Airtightness products: Ecological Building Systems
Cement screed: Kilsaran
MVHR: ProAir Systems
Windows: True Windows
Roof windows: Velux
Wood burning stove: Lamartine/p>
Clay tiles: Marley, via Tegral
Rainwater harvesting: Kingspan Environmental
Kitchen: Shalford Interiors
Building type: 389 sqm detached house
Completed: February, 2015
Location: Rathfarnham, Dublin
Passive house certification: N/A (PHPP design-stage figures below based on airtightness of 0.6 ACH, 0.99 achieved)
Space heating demand (PHPP): 18 kWh/m2/yr
Heat load (PHPP): 10 W/m2
Primary energy demand (PHPP): 80 kWh/m2/yr
BER: A2 (33.64 kWh/m2/yr)
Measured energy consumption (heat pump): 1445 kWh per year for space heating, 2213 kWh for hot water.
Primary energy consumption of heat pump for space heating: 8.33 kWh/m2/yr (delivered energy: 3.80 kWh/m2/yr)
Energy costs (heat pump only): €202 for space heating, €310 for hot water annually (estimate)
Airtightness at (50 Pascals): 0.99ACH (n50) / 1.40 m3/h/m2 (q50)
Heat loss form factor: 2.42
Overheating (PHPP): 0.1% (% of time indoor temp is above 25C)
Ground floor: Kilsaran cement screed (including 30% GGBS) over 2 x layers of Kore EPS 100, over reinforced concrete slab. U-value: 0.148 W/m2K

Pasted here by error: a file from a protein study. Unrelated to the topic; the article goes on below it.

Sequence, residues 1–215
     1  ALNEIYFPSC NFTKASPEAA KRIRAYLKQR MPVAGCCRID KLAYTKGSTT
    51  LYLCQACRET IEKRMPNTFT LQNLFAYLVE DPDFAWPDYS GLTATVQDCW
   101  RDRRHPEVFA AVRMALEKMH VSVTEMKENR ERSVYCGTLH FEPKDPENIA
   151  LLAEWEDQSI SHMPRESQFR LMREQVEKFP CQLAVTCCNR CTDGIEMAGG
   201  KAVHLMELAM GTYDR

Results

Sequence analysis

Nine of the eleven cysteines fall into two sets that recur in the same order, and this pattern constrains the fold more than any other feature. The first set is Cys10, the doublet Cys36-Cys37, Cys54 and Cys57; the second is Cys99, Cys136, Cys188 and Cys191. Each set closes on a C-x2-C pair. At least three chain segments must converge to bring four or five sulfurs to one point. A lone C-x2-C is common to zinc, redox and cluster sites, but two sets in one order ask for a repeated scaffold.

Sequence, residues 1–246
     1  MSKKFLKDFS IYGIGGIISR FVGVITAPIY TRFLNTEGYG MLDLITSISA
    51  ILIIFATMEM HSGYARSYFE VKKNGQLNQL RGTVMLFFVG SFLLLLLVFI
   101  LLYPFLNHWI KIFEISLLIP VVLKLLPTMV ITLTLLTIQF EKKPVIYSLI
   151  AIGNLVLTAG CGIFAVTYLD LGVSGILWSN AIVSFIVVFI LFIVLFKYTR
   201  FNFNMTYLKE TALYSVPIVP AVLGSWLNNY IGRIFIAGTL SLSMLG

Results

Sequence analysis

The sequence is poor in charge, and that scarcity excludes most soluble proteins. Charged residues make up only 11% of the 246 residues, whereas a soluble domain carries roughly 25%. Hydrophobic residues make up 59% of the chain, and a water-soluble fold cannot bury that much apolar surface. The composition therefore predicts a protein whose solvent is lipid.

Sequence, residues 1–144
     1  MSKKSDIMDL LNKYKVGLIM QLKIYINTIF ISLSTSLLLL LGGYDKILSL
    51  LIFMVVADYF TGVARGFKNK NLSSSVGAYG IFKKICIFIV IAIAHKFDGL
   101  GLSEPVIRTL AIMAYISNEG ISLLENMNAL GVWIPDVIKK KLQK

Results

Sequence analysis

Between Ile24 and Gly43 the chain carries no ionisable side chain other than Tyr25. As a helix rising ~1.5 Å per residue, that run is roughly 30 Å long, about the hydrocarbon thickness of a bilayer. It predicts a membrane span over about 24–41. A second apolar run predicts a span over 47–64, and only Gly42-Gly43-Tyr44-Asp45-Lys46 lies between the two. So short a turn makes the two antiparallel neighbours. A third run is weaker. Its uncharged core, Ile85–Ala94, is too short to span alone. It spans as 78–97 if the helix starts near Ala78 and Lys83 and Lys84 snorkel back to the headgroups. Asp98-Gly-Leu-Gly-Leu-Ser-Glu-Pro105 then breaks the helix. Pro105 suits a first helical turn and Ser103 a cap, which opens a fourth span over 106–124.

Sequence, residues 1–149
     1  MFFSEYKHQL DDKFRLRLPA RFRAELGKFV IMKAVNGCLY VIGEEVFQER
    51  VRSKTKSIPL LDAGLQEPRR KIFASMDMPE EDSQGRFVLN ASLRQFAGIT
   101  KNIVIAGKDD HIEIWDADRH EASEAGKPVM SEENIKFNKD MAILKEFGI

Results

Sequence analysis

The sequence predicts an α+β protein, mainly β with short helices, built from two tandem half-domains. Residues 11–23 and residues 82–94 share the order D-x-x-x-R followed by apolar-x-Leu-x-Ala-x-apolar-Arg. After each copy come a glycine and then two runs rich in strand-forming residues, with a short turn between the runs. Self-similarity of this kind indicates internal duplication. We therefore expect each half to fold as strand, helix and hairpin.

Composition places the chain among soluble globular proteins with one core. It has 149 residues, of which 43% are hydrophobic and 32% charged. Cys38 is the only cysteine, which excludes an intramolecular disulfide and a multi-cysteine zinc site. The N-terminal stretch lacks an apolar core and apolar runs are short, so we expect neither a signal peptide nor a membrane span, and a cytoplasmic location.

Walls: External render on 100mm blockwork, on 150mm full-fill Xtratherm CavityTherm rigid PIR insulation fitted in 150mm cavity, on 100mm blockwork – including first course of Quinn Lite blocks – with plaster and gypsum skim internally. U-value: 0.133 W/m2K
Roof (insulated on ceiling): Cold roof structure with 400mm of fibreglass insulation between and above 200mm deep joists Pro clima Intello Plus VCL/airtight membrane below rafters with plasterboard and skim finish internally. U-value: 0.11 W/m2K
Roof (insulated on slope): Marley Clay tiles externally, on battens and counter battens laid on Pro Clima Solitex Plus Breather membrane, on Knauf glass mineral wool insulation between rafters on Pro Clima Intello Plus VCL/airtight membrane below rafters, with Knauf glass mineral wool insulation in service cavity, on plasterboard and skim finish internally. U-value: 0.14W/m2K
Windows: IV 78 + HPl triple glazed aluclad windows, with glazing U-value (Ug) of 0.6 W/ m2K and frame U-value (Uw) of 0.9 W/m2K.
Roof windows: Velux triple glazed roof windows, with class four airtightness. (TBC)
Heating system: Nibe F2040 12kW air-to-water heat pump, with indoor VVM 320 module containing preinstalled water heater & buffer tank. Room sealed wood burning stove.
Ventilation: ProAir 600 MVHR unit with effective heat recovery efficiency of 88.8% (PHPP), passive house certified component. SAP Appendix Q: 91% efficiency.